Think Like a Trout, Act Like a Bug.

Saturday, November 26, 2011

Through the Eyes of a Trout

Trout Vision Part 2

If you think back to high school biology class you can probably recall the basic structure and function of the human eye: Light passes through the clear front covering of the eye (the cornea), and enters the eye through the dark central portion (the pupil). The diameter of the pupil, and consequently the amount of light entering the eye, is controlled by expanding or contracting the colored part of the eye (the iris). Behind the pupil is a clear lens that serves to focus the light onto the retina at the back of the eyeball. The retina contains a network of sensory cells that can perceive either low light information in black & white (rods), or color and fine detail (cones). To focus the image on the retina, the lens shape can be changed by contracting small muscles attached to the lens.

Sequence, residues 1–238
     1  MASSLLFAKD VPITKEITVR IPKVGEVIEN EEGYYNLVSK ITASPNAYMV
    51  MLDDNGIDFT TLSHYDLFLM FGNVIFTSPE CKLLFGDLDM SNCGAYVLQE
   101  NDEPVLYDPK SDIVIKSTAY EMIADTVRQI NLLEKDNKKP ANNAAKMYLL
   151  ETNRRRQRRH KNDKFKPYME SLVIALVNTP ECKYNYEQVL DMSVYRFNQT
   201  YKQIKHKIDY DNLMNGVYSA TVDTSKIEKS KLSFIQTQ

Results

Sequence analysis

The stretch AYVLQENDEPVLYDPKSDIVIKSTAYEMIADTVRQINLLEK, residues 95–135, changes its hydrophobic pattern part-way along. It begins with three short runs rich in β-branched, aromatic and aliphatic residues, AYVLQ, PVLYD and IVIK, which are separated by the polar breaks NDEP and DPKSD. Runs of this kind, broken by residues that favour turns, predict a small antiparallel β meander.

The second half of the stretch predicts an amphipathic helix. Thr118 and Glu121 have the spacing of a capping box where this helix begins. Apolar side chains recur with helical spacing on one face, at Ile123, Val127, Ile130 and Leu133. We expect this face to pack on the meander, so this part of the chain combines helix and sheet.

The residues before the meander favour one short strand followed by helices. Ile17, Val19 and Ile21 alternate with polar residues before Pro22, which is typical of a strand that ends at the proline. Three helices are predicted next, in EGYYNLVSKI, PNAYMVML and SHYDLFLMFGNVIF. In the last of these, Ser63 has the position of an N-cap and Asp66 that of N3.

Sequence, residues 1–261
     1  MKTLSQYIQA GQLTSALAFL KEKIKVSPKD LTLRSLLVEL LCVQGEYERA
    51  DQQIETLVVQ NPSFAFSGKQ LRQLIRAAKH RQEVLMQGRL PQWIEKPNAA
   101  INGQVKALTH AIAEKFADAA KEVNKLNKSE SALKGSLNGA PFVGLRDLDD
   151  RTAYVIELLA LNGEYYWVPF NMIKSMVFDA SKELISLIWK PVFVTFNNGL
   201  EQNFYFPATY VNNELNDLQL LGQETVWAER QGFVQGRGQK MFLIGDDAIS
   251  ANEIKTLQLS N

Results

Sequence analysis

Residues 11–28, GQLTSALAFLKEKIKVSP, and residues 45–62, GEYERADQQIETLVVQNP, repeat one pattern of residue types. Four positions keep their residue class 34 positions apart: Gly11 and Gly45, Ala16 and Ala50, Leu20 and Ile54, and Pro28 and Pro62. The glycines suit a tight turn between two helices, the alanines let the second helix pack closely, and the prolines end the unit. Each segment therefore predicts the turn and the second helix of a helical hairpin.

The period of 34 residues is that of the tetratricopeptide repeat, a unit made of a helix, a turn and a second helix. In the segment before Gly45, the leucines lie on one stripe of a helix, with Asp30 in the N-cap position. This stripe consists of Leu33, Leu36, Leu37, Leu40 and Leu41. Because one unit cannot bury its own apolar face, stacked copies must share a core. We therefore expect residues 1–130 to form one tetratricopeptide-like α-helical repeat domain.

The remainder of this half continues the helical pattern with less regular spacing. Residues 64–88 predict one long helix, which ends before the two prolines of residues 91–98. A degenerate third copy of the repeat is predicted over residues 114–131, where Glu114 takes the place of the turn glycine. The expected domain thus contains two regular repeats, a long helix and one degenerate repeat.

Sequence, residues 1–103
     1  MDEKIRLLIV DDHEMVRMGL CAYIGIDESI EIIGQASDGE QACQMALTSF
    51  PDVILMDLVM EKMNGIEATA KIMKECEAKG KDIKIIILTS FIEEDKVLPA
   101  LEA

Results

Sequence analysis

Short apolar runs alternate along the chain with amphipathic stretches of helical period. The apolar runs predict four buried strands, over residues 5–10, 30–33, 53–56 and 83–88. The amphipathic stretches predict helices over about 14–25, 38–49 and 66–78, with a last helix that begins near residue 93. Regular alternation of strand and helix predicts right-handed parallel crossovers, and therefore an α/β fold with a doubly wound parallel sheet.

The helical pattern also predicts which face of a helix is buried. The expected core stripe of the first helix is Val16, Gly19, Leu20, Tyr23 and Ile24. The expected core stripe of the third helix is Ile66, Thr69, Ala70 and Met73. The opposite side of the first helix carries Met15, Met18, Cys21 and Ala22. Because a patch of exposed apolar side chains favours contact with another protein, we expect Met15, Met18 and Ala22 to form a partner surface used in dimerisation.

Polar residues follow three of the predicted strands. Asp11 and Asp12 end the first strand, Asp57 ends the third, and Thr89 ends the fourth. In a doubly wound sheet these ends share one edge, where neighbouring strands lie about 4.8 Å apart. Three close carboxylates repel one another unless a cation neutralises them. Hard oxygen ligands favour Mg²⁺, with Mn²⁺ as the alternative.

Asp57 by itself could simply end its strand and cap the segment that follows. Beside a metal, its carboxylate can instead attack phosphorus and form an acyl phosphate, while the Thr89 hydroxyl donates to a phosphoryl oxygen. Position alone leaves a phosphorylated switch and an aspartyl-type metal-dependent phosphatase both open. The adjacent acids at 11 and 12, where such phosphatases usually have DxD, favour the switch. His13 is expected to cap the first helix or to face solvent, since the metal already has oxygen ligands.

Human Eye

A trout’s eye is similar in structure to ours, but given that fish have evolved over millions of years to survive in a medium vastly different than air, there are bound to be some differences in the way a trout’s eye is structured, and in the way it functions.